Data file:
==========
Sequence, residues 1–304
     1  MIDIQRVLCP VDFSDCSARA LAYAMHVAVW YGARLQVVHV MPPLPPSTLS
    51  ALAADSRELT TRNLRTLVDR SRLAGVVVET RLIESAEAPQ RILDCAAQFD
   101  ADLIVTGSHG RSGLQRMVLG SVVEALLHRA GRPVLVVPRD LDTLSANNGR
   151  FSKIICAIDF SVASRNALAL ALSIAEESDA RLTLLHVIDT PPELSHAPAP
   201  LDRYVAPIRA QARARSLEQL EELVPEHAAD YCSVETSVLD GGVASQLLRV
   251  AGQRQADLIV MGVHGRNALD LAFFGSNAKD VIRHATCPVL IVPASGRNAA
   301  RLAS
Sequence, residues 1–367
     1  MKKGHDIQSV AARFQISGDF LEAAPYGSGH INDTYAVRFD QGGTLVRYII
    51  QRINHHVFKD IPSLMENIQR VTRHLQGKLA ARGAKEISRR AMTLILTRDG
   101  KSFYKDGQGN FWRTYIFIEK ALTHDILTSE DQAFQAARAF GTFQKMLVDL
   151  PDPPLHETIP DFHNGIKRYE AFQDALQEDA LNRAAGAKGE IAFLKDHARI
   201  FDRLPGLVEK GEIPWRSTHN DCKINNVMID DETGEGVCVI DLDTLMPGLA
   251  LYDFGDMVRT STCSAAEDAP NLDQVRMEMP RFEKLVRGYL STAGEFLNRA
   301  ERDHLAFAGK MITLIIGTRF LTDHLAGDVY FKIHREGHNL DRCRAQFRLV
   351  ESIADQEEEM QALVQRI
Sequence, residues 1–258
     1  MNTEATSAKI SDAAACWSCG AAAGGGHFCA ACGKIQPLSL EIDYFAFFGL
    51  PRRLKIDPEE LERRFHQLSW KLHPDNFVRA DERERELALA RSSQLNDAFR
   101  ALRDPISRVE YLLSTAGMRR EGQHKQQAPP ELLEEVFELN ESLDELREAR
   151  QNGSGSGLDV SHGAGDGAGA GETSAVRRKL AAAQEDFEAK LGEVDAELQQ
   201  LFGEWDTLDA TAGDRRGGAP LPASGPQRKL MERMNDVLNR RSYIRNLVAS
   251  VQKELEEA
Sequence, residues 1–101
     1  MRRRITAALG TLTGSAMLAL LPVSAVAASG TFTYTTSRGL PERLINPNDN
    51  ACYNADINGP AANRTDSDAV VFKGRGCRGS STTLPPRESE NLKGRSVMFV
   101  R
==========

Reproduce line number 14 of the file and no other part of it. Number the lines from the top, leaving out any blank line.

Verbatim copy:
   201  FDRLPGLVEK GEIPWRSTHN DCKINNVMID DETGEGVCVI DLDTLMPGLA